Deacon Frank Sullivan, campus chaplain at Hartley High School, gave a warm welcome to this Franciscan friar for Vocations Day. We had a long line of young men filing into the chapel to hear about religious vocations from the perspective of a Dominican friar Tom Blau, O.P., Diocesan priest Fr. Dan Dury, and myself a Franciscan friar.
Hartley has an impressive vocation program for juniors and seniors to prepare them for a career immediately after high school. They can spend a half day at High School classes and half day at vocation preparation school taking more classes. These unique career centers located around Columbus, Ohio prepare the Hartley student to learn the trades of the job and complete high school classes to receive a high school diploma. Impressive vocation program for a career but we were visiting to speak about something bigger than just a vocational career.
On Vocations Day we were concentrating on religious vocations. There were Dominican sisters combing the halls. Sr. Mary Jacinta and Sr. Mary Perpetua spoke to all the young women. The young men were cycling through the chapel to hear from two mendicant friars and a diocesan priest. Great questions and insightful young women and men who were willing to absorb our stories and begin that dialogue with God, “Where God are you calling me?”
That dialogue with God is so crucial. God continues to call young men to religious consecrated life, priesthood, and diaconate and its incumbent on men to have ears ready to listen. Part of the difficulty of discernment, or making a big decision in your life, is calibrating our ears to openness and readiness. All these men were listening attentively with hearts wide open and readied for our message. And what was the message?
People are yearning to give their lives to something filled with worthwhile meaning. People cling to a life imbued in meaning, and want to give themselves to something bigger than themselves. Look at 9-11 for example. On September 11th, 2001 when the terrorists flew airplanes into the World Trade Centers, the result was tragedy and chaos. While people were fleeing the area in hysteria and running from the scene for their lives, the first responders were doing the opposite. The firemen, police, and EMS providers were rapidly moving toward the danger to put their life on the line for strangers they would never meet. And this noble calling of sacrifice requires a bit of lunacy. Is there a salary worth adequate compensation for this level of danger? Frankly, I don’t think you could pay them enough money for what they do. On that heroic day 343 firefighters and 60 policemen lost their lives in the fall of the twin towers. Patches sewn on jackets were later issued that said, “Remember 343” so that we not forget the sacrifice made by these heroic men and women. Now if I were to post a job description to new recruits and say you will never be paid your worth in a salary, you will be forced to confront terrorizing dangers, and there is a good chance you will lose you life for people you may never meet. I would think new recruits in New York for fire, police, and EMS would be impossible to find! But the reverse has happened. Recruitment classes have had no problem filling their quotas. In fact the numbers of willing people to donate themselves to this noble calling are at record levels. Why?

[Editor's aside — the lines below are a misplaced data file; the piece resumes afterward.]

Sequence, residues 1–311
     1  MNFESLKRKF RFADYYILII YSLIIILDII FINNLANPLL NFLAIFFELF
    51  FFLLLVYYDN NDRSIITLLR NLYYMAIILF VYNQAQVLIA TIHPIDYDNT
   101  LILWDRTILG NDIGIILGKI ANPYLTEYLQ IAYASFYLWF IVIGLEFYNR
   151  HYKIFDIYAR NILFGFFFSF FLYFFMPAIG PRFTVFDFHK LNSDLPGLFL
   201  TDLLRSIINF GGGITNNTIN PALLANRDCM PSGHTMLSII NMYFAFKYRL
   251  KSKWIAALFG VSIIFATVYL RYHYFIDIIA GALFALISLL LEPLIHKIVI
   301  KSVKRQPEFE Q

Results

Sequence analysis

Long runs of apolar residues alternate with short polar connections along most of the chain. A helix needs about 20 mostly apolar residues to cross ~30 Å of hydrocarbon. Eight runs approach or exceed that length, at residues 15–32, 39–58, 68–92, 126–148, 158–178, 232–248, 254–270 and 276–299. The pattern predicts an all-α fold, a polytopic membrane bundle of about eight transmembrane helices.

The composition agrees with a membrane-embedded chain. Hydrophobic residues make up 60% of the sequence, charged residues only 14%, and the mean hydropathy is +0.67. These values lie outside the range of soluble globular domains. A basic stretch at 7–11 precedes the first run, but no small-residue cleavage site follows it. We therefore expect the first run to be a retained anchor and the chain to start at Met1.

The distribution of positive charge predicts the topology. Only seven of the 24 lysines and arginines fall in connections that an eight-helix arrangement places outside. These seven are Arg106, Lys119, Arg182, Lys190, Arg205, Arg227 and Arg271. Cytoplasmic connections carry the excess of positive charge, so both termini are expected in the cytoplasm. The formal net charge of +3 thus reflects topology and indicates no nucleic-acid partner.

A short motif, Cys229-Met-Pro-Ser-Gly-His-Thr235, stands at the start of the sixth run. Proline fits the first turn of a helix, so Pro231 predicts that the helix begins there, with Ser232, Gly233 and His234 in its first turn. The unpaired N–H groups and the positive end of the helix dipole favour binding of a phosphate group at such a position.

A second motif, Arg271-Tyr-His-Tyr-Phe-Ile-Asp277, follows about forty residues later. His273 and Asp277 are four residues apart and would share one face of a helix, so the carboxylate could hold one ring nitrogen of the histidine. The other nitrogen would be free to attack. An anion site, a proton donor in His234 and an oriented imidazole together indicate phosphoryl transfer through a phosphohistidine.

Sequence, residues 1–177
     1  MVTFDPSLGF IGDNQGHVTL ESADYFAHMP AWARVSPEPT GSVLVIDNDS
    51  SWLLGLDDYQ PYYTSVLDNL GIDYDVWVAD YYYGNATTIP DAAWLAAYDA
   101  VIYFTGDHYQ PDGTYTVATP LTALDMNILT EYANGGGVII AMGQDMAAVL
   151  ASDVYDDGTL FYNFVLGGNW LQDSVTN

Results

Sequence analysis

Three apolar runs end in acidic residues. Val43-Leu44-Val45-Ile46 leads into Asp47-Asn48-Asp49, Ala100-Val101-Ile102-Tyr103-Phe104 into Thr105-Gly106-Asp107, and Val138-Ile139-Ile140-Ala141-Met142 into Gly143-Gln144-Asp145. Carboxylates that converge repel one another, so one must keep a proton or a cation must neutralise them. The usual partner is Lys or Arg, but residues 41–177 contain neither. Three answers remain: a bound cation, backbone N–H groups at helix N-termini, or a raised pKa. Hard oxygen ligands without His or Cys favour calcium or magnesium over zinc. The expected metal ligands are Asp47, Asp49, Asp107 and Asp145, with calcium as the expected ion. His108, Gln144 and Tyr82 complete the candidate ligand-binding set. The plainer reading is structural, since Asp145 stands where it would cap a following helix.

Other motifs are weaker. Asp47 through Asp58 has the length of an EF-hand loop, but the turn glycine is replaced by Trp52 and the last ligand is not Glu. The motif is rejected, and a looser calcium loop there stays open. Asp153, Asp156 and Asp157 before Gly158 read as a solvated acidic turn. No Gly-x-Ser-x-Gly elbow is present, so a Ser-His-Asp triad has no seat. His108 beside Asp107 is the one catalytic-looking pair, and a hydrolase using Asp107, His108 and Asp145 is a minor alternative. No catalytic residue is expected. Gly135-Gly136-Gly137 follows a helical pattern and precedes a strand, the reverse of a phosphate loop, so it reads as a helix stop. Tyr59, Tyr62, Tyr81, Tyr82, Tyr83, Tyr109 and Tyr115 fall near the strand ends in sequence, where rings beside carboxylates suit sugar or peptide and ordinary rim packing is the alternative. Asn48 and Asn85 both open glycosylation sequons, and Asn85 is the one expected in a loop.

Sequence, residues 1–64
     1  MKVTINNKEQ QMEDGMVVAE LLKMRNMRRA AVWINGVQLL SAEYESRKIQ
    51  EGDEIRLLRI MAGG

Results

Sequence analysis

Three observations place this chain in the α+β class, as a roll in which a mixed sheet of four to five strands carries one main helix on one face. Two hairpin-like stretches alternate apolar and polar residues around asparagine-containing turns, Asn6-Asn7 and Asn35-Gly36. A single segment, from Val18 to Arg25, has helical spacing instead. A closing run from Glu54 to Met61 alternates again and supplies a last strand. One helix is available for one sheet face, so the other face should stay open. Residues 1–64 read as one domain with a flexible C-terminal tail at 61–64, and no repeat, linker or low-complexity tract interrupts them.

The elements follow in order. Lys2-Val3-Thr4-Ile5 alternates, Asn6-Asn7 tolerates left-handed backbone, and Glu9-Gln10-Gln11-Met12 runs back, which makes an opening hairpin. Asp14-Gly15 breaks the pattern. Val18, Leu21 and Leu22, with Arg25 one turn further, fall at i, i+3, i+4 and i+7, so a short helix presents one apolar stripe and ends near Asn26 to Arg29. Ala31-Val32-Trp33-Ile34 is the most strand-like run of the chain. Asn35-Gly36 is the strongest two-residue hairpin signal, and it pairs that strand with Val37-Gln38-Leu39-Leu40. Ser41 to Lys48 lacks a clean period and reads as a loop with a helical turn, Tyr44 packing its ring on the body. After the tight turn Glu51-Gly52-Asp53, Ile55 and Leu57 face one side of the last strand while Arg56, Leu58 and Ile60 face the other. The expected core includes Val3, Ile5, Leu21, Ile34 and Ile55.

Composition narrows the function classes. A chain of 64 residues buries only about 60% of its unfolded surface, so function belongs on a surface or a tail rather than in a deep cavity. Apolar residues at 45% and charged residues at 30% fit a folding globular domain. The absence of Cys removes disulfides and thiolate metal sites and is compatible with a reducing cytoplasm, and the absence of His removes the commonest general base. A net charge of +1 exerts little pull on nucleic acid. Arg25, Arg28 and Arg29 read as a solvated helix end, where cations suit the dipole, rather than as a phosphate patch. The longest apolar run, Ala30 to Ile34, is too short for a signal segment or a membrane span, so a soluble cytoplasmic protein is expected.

Deep inside of us we yearn to give ourselves to a noble purpose, we want to dedicate ourselves to something bigger than ourselves, and that is our vocation! The students at Hartley High School get this, and they want to move toward a noble sacrifice of self worthy of their investment. The power, pleasure, wealth, and prestige of our culture have their enticements, but meagerly compare to one’s higher calling toward the things that are everlasting.
The dialogue has begun. Young men and women at Hartley High School are asking the bigger questions like: “Where are you calling me, God?” What is the direction that moves me beyond myself?” “Where can I serve the world that gives me the greatest meaning?” “Where is Jesus Christ leading me to live out this joyful God given call?” “Is my vocation a call to be a single person, married person, ordained person, or consecrated religious person?” Thanks for responding to the challenge to ask the bigger questions. Way to go Deacon Sullivan, “let’s roll” in this essential and world changing ministry. Go Hawks!